Thursday, July 21, 2011

Customer Contribution: Salmon Recipe with Banana Acai Grilling Sauce

Quoted directly from our contributor:

This is a dynamite palate pleaser. We have a couple of ways we spice up our salmon and seem to use the same flavors over and over but, FairHarvest gave a really special zest and is something I look forward to using often and trying in other recipes. Here is my recipe for salmon using FairHarvest banana acai with lime and vanilla flavor.

 Salmon fillets

2 – 3 garlic toes diced

¼ cup Olive oil to coat pan bottom

Salt and pepper to taste

Fair Harvest Banana Acai Sauce with Lime and Vanilla


In grill pan, heat Olive oil and brown diced garlic

Salt and pepper the salmon fillets to taste 

Place on ready grill with skin side down

Pour about 1 TB of Fair Harvest on top of each fillet and spread 

Cover and let cook about 5 minutes on medium/high heat blacking the bottom skin

After 5 minutes, flip and cook a remaining 5 minutes.

The sauce will burn just a bit which really brings out the flavor

Flip fillet once more, turn off heat, cover and let rest about 2-3 minutes covered

Serve and enjoy!


We served over rice accompanied with sautéed mushrooms, red bell pepper and a tomato, avocado and shrimp salad with an olive oil Italian dressing.

Superb and a definite do over!

Tuesday, July 5, 2011
Our 4th of July Experiment
Yesterday, we got a couple of red trout fillets from our local EarthFare store, and I decided to improvise a bit using our Pineapple Papaya Topping and some hot peppers that needed to be used fast.
I chopped three medium shallots, and three jalapeno peppers (I would also try it with serrano or another in the medium heat range), and cooked them over low heat in 1/4 cup of grapeseed oil for 3-4 minutes to release the flavor of the shallots and heat of the peppers.  I used a large skillet where the fillets would easily fit.  I had no idea what other spices to add, but decided to put some herbs on hand (thyme, marjoram and basil) and about 1/8 tsp of coriander powder.  Then I added two Tbsps of the Pineapple Papaya Topping and mixed everything well.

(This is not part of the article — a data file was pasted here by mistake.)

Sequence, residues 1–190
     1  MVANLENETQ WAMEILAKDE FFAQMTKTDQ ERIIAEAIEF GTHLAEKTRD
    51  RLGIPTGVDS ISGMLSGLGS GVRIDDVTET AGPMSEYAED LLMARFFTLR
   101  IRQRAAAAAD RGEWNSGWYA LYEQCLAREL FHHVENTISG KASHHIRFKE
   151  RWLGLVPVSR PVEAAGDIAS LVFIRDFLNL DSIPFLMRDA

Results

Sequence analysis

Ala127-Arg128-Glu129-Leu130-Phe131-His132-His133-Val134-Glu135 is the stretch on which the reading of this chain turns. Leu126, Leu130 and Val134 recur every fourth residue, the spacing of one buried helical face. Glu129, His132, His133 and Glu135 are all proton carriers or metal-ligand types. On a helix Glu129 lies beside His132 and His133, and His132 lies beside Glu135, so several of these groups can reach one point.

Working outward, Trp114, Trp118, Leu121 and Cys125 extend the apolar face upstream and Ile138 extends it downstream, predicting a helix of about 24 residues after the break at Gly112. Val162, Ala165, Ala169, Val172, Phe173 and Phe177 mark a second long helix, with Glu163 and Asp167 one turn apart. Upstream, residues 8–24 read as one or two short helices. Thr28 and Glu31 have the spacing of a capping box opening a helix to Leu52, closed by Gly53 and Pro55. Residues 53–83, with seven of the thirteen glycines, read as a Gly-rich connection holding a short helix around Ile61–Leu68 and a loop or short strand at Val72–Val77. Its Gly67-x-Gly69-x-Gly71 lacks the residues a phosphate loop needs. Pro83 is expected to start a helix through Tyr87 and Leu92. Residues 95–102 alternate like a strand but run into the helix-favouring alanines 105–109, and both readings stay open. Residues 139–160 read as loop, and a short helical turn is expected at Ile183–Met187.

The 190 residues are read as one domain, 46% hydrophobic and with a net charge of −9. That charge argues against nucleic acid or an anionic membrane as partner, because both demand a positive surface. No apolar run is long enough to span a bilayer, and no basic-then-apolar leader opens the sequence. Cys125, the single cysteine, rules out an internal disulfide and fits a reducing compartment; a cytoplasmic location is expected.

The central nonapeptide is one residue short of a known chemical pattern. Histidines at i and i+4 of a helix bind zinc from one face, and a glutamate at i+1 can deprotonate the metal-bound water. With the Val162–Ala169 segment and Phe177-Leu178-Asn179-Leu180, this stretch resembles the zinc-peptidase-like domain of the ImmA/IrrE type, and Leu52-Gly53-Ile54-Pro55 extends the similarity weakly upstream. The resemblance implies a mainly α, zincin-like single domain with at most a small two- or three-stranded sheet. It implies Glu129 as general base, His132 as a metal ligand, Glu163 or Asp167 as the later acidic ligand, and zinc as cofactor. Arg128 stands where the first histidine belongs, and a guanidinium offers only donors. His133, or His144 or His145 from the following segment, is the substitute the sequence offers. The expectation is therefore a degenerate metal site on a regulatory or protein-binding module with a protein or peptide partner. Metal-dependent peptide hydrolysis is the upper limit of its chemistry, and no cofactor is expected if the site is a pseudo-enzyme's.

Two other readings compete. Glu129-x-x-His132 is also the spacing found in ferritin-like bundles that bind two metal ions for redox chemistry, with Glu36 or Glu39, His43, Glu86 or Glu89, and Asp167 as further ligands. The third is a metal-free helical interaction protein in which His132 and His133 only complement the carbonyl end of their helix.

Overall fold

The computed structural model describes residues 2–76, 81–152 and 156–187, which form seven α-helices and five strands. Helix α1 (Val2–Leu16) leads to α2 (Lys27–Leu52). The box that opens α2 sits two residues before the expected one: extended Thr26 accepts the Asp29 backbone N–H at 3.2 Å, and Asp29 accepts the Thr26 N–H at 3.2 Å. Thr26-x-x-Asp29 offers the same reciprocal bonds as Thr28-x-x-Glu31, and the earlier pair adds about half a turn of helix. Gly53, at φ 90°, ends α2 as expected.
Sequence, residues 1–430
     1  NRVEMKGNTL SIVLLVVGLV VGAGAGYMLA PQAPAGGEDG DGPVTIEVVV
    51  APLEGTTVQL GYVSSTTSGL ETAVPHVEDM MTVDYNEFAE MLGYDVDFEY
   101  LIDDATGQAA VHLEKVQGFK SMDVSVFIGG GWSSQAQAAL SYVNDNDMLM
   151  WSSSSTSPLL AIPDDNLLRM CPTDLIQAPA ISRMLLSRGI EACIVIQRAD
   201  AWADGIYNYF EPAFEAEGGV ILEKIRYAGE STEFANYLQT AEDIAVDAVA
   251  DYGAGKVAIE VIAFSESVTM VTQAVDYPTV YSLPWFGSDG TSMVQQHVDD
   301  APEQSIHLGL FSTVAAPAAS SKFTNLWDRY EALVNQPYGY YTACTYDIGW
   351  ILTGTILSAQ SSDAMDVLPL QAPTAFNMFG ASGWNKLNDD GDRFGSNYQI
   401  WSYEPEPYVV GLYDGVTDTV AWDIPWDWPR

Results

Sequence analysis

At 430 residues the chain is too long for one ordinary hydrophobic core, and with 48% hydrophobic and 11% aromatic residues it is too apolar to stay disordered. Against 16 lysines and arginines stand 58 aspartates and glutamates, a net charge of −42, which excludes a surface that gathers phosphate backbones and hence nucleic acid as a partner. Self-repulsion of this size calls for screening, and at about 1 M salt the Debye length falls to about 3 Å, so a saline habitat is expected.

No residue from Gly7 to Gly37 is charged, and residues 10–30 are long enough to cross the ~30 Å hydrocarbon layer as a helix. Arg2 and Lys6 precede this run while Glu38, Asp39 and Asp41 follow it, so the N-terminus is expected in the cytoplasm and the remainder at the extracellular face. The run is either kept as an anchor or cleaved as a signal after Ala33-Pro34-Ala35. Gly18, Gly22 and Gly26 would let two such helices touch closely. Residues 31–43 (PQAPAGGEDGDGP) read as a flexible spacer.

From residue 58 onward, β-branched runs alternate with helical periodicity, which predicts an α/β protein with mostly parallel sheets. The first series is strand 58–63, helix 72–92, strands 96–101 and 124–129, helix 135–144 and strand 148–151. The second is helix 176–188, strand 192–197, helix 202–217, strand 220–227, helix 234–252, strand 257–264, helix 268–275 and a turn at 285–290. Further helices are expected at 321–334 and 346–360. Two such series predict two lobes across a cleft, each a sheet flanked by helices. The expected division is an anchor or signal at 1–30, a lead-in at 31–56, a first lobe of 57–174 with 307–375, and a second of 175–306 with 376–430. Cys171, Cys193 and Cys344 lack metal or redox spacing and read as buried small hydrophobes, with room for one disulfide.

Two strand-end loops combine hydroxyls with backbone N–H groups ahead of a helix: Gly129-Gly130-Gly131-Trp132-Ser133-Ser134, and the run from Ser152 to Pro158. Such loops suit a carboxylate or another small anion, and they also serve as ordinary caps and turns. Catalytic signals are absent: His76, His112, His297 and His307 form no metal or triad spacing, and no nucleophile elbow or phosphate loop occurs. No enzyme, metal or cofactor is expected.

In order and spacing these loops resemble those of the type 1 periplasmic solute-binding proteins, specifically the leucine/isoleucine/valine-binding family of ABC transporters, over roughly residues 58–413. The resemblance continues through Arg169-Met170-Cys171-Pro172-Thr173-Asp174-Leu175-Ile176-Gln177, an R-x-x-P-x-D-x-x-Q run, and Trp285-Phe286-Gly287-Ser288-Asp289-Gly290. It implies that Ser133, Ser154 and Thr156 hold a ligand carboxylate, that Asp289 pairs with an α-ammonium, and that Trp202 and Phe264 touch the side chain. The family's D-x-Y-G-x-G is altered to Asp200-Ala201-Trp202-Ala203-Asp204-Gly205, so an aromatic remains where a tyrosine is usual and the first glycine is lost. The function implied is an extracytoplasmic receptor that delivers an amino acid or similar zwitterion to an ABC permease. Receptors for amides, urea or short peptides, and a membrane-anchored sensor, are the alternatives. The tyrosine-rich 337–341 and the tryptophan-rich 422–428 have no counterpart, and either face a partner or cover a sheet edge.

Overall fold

The final step was just to coat the fillets well in the sauce and cook them covered in the same pan at low heat for about 15-20 minutes.  Trout fillets are relatively thin, not as thick as salmon would, so just check when they are flaky and done.  I personally like to use salt at the end - to taste - but you could have added some salt earlier.
I am proud of my little experiment since the result was a slightly spicy, sweet and delicate flavor.

Our 4th of July Experiment

Yesterday, we got a couple of red trout fillets from our local EarthFare store, and I decided to improvise a bit using our Pineapple Papaya Topping and some hot peppers that needed to be used fast.

I chopped three medium shallots, and three jalapeno peppers (I would also try it with serrano or another in the medium heat range), and cooked them over low heat in 1/4 cup of grapeseed oil for 3-4 minutes to release the flavor of the shallots and heat of the peppers.  I used a large skillet where the fillets would easily fit.  I had no idea what other spices to add, but decided to put some herbs on hand (thyme, marjoram and basil) and about 1/8 tsp of coriander powder.  Then I added two Tbsps of the Pineapple Papaya Topping and mixed everything well.

The final step was just to coat the fillets well in the sauce and cook them covered in the same pan at low heat for about 15-20 minutes.  Trout fillets are relatively thin, not as thick as salmon would, so just check when they are flaky and done.  I personally like to use salt at the end - to taste - but you could have added some salt earlier.